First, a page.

The relationships in your life are essential: nurturing and maintaining them is crucial. This article will share tips on improving your relationships with friends, family members, partners, and colleagues.
You can do a few general things to improve your relationships with people.
- Listen more – We have all become used to multitasking and trying to save time that we have lost the skill of listening and paying attention. How often have you been talking to your friend, partner or colleague and realised you drifted off and haven't paid attention to anything they were saying? Or how many times have you been thinking about what you want to say next or waiting for a gap so you can share your story? People can tell when you are not listening and engaging. They feel unvalued when you interrupt their story or point before finishing. So listen more, people love feeling heard and seen, and you will deepen your relationships by giving them a chance to talk.
- Compliment people – Who doesn't love someone who makes them feel good about themselves? Giving compliments on occasion can raise someone's opinion of you. Don't hold compliments in if you are feeling them. Some compliments will always go down better than others. For example, complimenting the work someone did on a project, their work ethic, intelligence, or composure are always amazing compliments. Complimenting someone on their appearance can always be a little risky. It is generally best to stick to compliments about unique clothing or hairstyle rather than body parts and weight. For example, "cute shoes" or "your hair looks great like that!"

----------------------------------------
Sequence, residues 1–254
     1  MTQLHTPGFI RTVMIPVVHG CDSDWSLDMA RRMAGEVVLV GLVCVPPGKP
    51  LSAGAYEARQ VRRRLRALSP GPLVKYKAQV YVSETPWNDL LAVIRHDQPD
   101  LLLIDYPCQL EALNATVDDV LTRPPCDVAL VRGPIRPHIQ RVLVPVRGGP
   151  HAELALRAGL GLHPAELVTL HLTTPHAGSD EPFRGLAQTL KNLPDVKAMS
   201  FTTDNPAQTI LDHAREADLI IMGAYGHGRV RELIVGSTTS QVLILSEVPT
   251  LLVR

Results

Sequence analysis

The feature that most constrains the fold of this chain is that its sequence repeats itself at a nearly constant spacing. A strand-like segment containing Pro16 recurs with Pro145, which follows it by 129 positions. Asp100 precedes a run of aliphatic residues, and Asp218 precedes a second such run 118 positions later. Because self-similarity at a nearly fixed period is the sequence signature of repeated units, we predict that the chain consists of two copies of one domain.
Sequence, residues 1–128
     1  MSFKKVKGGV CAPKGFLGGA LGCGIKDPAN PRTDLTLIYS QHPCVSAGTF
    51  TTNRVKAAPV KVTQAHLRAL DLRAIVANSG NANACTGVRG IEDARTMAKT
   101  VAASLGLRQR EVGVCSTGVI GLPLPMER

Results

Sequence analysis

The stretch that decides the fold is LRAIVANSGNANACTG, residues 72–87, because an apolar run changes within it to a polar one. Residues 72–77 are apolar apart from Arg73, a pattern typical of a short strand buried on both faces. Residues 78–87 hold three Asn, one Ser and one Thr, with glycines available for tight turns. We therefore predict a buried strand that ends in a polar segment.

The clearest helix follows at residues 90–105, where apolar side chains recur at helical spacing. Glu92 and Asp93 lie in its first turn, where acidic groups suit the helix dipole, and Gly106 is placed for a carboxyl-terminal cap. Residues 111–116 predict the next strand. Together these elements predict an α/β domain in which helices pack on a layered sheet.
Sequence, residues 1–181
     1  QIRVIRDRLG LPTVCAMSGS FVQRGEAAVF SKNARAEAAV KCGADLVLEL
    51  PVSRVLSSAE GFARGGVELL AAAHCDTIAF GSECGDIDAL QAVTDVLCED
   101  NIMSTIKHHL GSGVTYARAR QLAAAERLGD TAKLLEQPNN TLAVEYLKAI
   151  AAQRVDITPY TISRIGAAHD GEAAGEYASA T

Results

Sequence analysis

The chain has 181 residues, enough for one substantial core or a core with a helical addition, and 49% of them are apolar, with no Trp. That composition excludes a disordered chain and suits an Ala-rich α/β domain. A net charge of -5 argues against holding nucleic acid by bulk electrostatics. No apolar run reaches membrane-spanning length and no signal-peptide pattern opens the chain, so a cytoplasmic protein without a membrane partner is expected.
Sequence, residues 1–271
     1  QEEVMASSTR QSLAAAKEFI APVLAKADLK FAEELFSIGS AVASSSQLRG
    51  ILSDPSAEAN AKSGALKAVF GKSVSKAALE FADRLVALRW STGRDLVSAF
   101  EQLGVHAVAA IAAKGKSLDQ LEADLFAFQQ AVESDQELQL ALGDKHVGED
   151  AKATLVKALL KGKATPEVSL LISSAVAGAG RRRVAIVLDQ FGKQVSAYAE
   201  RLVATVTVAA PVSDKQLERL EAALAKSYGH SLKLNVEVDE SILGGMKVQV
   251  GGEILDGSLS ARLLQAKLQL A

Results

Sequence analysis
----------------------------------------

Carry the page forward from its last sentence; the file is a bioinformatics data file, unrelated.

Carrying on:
- Don't force things – It is a complex concept to come to grips with, but there will always be some people we might like that will not like us or not like us as much as we like them. The perfect example is that colleague you make small talk with who keeps trying to invite you to hang out on the weekends. Relationships take a little while to develop, and it is rare for people to become friends instantly. Try not to force things and focus on developing the relationship more. Inviting them to more things will result in them pulling away further.